Reflecting on Women Deliver
Jun 17, 2019
By Jessie Thomson, CARE Canada's Vice President for Global Change
Hosted in Vancouver, this year's Women Deliver conference brought together 8000 people from 165 countries around the world. Attendees brought with them an ambition to disrupt the imbalance of power that fuels marginalization, injustice and poverty through ideas, solutions, and partnerships that will transform the lives of women and girls.
The conference felt a bit like feminist camp—the one camp that I never got to go to as a kid but have been waiting for my whole life. I was immersed in a diversity of voices from around the world speaking out about gender equality, challenging the status quo and calling for change right now. If the future is feminist, I think this troubled world might just have a chance.
The words and voices I heard at Women Deliver will stay with me in the days and weeks ahead. CARE’s central focus is the empowerment of women and girls and the pursuit of gender equality. Born of the brutal aftermath of World War II, we have been fighting inequality for nearly 75 years and are constantly challenging ourselves to remain fit for the fights of the future. This means we need to address the inherent power imbalances that exist within our organization and our sector. We work to ensure that our organization is feminist and that we’re taking an approach that acknowledges the complex ways in which gender, race, class, ability, sexuality, age, language and immigration status affect people’s agency, the environment that surrounds their choices and the power relations through which they negotiate their path. We have always put communities first in our work, but we are now looking at how we step out of the way all together and create an enabling approach that gives them direct access to the resources, capacity and knowledge they need to transform their own lives on their own terms.
I think the most inspiring moment was when eighteen-year-old Natasha Mwansa from Zambia fearlessly assumed centre stage in the opening session. With all eyes on her, and flanked by no less than three heads of state, she addressed the room with confidence and vision.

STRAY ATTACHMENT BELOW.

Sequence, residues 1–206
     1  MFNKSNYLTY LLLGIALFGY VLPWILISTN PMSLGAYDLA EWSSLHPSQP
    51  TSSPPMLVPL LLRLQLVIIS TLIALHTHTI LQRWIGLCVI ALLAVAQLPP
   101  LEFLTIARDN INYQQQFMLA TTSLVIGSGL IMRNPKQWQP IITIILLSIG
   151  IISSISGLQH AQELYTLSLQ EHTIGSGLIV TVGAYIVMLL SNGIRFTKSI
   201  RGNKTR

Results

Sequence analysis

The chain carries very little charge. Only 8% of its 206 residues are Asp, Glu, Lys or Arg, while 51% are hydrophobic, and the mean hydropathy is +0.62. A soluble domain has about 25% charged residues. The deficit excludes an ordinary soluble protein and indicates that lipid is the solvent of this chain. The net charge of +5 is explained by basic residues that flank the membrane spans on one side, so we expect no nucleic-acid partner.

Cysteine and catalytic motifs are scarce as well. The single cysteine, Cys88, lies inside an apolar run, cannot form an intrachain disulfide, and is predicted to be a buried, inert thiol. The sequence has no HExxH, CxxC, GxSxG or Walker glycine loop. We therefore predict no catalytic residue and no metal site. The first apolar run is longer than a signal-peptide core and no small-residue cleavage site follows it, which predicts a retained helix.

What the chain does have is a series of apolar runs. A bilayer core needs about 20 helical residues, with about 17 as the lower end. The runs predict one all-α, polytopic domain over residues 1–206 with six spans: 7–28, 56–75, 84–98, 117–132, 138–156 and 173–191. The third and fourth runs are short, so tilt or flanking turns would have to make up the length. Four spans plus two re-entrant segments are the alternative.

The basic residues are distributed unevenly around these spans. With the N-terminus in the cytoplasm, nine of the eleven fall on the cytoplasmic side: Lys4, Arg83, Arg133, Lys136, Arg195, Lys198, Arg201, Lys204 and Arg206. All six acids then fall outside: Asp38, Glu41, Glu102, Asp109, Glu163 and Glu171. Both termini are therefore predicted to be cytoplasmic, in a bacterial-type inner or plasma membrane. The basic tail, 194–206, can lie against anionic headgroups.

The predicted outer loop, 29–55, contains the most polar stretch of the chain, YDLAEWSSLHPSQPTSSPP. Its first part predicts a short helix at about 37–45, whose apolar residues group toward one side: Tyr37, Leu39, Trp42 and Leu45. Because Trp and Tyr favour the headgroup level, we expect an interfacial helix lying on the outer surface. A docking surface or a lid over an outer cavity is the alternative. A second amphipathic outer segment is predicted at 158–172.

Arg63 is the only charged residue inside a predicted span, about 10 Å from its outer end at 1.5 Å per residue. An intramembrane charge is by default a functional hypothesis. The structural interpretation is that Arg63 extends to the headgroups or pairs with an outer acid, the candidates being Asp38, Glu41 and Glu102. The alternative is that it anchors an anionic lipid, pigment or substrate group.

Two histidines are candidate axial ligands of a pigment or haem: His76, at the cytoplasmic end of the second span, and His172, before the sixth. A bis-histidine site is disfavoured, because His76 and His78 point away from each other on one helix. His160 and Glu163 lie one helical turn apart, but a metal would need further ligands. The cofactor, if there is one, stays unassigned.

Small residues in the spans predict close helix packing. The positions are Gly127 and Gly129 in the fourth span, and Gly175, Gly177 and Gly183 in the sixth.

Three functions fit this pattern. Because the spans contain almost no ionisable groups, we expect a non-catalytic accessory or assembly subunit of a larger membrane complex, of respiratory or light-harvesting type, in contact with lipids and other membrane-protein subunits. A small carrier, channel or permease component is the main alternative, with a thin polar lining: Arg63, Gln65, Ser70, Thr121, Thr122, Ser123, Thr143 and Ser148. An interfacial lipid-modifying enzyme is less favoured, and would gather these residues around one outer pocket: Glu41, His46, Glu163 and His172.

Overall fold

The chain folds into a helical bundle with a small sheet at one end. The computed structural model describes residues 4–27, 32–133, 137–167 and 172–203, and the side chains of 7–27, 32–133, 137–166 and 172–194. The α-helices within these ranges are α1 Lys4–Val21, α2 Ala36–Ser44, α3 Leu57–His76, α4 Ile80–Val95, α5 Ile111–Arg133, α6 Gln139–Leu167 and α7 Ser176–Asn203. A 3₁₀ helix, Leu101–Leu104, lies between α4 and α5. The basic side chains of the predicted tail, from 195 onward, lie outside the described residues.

"Do not do anything about us, without us", she spoke out. "We are not going to be just beneficiaries anymore."
Her words came with ferocious speed and confidence, likely because she has so much to say and knows the world is running out of time to make things right.
Gender inequality is not just a global challenge, but a universal one. And the work we do to achieve equality isn't just for women and girls living a world away. We will not and cannot bring about the change we want to see if we are not also addressing the injustices and power imbalances that exist right here at home. We have to stand together in solidarity with women, girls, non-binary, gender non-conforming and transgender people and their allies around the world. We need to recognize that men and boys are allies, but also have their own unique vulnerabilities and issues.
I don’t think that anyone at the Women Deliver conference in Vancouver could think about the issues discussed there without reflecting on the release of the Missing and Murdered Indigenous Women and Girls Report that came out the same week. Persistent and deliberate human and rights violations happen in other countries, but they also happen right here in Canada.
As a Canadian, as an activist, as a feminist and as a parent, I take responsibility for the actions of those that came before us and for my actions today, with a spirit of respect, healing and building of relationships, friendships and new alliances. Together, we can end inequality.